Where is the Line?

This is an honest question. In the last 24 hours we have heard the President outline his plan to send more troops to Iraq. We have also heard many people call for various forms of resistance to that plan. John Edwards has called on Congress to refuse to fund the plan. Tom Vilsack has called on the Iowa legislature and city and state governments everywhere to pass resolutions opposed to escalating the war. I have also seen statements by Dennis Kucinich, Steve Kubby and Robert Milnes starkly opposing this move. All of these men are expected to be candidates for President in 2008, and I’m sure there are other potential candidates whose statements have not come to my attention.

Contrary to what some people may think if they have read my post, Divine Strake, and the comments that follow, my natural inclination is to support my leaders. I remember being uneasy when we started in Iraq, but I was not really opposed to the war until 2006.

This is what had lead me to this question. All those candidates have a much easier time than the President because they can make statements, but he has to make decisions. We will see the results of his decisions, unlike the results of their statements. I agree with their statements that increasing troop levels will not improve the situation in Iraq.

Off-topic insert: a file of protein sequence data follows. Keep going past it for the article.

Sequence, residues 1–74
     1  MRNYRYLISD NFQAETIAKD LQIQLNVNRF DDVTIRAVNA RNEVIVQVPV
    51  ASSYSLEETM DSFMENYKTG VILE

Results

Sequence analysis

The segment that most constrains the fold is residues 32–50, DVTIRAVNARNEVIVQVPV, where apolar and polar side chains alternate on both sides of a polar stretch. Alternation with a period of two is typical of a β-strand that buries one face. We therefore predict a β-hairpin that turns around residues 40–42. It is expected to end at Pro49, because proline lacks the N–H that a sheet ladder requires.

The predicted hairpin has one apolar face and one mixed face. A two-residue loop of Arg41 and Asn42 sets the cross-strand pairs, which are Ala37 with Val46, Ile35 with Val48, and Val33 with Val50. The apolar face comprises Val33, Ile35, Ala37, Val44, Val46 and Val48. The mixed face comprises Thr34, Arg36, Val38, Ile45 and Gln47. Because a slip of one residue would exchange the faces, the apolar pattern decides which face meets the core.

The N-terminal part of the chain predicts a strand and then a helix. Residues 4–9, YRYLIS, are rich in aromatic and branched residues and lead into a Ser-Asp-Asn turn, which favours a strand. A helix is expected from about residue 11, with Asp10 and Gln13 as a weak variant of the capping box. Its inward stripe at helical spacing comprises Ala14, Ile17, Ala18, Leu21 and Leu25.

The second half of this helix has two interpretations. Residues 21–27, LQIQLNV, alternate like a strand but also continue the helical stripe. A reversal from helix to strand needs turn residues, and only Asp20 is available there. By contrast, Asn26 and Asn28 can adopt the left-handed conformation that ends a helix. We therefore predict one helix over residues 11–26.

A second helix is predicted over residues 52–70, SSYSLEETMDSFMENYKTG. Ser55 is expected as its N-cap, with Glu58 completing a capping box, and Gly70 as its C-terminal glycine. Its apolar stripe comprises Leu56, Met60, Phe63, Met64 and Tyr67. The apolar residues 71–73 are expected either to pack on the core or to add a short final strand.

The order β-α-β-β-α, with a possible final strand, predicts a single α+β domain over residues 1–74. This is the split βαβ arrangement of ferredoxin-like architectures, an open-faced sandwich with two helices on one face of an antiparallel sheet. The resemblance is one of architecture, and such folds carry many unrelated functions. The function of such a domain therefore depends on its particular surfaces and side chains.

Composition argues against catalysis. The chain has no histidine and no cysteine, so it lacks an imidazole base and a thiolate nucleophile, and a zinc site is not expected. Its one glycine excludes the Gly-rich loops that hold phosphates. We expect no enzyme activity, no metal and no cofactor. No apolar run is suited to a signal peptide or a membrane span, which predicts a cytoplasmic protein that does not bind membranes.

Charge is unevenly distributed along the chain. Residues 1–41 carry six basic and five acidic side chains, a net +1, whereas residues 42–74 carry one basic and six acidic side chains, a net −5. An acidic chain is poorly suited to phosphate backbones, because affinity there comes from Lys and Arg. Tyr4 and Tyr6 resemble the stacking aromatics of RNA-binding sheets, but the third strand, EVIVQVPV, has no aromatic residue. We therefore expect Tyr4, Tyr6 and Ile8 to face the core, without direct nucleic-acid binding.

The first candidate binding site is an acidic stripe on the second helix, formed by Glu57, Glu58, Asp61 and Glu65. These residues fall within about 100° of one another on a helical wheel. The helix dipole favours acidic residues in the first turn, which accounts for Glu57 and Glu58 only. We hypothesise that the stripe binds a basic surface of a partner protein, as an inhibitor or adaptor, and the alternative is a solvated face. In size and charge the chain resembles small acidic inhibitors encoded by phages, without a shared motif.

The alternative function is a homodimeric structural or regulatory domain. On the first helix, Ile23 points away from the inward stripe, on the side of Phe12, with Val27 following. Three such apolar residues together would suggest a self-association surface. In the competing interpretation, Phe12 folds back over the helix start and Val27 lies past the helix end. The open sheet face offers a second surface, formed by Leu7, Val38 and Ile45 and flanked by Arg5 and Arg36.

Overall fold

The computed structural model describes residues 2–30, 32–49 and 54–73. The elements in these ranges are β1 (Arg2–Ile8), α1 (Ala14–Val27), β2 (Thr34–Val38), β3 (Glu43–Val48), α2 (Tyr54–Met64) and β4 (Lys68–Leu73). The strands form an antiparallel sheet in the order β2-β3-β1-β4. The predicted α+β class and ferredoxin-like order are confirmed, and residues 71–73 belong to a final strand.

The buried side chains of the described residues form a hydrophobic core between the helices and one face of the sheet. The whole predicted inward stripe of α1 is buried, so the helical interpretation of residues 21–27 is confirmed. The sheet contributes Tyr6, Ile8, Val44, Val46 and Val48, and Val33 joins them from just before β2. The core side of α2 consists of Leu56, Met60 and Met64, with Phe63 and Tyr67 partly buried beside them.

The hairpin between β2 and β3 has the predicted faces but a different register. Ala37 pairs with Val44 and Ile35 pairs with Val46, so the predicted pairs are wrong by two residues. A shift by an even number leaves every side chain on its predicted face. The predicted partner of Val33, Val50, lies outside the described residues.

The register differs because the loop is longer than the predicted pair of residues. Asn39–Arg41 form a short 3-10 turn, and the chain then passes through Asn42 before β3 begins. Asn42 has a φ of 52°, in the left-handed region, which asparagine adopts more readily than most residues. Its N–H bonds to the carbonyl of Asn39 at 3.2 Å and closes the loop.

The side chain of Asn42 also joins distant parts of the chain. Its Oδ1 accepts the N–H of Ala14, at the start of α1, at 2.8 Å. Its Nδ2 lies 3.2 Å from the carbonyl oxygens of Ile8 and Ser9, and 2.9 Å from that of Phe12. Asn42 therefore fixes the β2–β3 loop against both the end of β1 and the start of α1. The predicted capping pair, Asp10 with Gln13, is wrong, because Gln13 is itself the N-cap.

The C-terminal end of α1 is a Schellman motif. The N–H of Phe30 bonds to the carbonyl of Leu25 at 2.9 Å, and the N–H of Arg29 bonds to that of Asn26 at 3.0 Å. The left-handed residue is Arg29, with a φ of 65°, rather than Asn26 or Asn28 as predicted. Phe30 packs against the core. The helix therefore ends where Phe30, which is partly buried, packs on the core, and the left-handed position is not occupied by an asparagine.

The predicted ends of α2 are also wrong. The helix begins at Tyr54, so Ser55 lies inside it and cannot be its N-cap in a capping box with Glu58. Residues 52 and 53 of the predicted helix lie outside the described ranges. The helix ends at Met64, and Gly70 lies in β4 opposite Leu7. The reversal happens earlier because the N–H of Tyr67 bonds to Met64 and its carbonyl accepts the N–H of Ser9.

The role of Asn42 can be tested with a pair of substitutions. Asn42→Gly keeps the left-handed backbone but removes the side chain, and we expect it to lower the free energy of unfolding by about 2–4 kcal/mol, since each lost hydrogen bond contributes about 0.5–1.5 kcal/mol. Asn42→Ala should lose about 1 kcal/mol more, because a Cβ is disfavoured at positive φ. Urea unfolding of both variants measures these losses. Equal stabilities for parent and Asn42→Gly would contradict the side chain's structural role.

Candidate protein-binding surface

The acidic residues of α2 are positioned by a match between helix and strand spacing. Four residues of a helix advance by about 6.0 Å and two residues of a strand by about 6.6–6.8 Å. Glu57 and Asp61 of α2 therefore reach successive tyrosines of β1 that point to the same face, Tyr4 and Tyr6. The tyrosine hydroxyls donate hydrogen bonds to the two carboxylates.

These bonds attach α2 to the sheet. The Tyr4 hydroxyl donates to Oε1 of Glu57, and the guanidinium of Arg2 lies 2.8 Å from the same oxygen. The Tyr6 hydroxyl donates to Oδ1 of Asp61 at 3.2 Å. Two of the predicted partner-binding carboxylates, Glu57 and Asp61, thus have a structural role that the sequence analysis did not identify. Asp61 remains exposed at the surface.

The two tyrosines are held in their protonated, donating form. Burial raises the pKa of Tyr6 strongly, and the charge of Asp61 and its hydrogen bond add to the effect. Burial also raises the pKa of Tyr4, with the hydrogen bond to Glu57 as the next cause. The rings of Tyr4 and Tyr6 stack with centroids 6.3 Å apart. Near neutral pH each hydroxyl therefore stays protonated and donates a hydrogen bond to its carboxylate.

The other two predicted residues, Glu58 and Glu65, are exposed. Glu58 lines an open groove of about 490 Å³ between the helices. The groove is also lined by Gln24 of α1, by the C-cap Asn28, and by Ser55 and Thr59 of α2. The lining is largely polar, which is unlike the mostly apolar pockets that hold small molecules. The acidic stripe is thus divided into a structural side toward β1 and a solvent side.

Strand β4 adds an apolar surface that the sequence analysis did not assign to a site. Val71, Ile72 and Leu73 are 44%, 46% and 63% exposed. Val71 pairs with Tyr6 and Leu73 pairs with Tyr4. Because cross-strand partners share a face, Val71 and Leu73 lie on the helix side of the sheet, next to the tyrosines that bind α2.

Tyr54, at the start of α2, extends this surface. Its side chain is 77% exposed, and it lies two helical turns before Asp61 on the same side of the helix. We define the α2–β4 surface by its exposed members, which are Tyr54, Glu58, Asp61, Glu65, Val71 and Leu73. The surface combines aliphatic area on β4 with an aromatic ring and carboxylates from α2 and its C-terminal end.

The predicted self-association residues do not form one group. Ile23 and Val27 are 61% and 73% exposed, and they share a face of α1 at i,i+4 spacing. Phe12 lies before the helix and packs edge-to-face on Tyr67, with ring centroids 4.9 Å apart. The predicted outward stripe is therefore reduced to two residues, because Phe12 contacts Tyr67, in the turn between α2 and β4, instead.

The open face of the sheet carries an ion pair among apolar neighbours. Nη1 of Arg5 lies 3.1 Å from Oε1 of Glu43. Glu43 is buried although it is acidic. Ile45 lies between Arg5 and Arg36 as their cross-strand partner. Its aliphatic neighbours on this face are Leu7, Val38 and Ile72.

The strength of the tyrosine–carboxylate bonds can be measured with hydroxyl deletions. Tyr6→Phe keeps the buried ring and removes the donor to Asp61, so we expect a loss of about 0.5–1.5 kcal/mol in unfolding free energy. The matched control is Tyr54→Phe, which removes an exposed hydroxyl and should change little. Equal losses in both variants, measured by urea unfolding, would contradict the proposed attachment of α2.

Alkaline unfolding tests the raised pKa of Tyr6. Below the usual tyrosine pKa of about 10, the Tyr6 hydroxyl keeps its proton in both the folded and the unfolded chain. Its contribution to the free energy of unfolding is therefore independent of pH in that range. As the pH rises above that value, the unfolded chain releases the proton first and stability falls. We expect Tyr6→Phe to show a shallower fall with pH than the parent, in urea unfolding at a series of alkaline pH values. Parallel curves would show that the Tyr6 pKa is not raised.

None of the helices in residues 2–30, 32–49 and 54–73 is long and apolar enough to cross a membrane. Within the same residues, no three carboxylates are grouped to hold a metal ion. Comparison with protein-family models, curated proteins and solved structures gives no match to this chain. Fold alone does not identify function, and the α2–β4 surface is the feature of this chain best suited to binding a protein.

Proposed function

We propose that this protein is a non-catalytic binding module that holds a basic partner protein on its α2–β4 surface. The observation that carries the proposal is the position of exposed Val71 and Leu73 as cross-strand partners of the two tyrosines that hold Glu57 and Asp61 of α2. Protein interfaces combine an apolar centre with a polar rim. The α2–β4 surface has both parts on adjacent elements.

So while I disagree with out commander-in-chief I want to support him as much as possible. If there was a way to oppose him such that we could prevent him from executing this decision I think it would be better for our nation, on the other hand, if we openly oppose him but the decision is executed we risk making our global enemies more bold as they see that we do not all support our leaders.

What is the line between supporting and disagreeing with our leaders? There is a time for discussion and a time for solidarity. Which time is this? (and when does it switch to the other time?)

About David

David is the father of 8 extremely organized children (4 girls / 4 boys) who is constantly seeking answers to tough questions related to parenting, education and politics while moonlighting for 40 hours each week as a technology professional. He also enjoys cooking, gardening, and sports.
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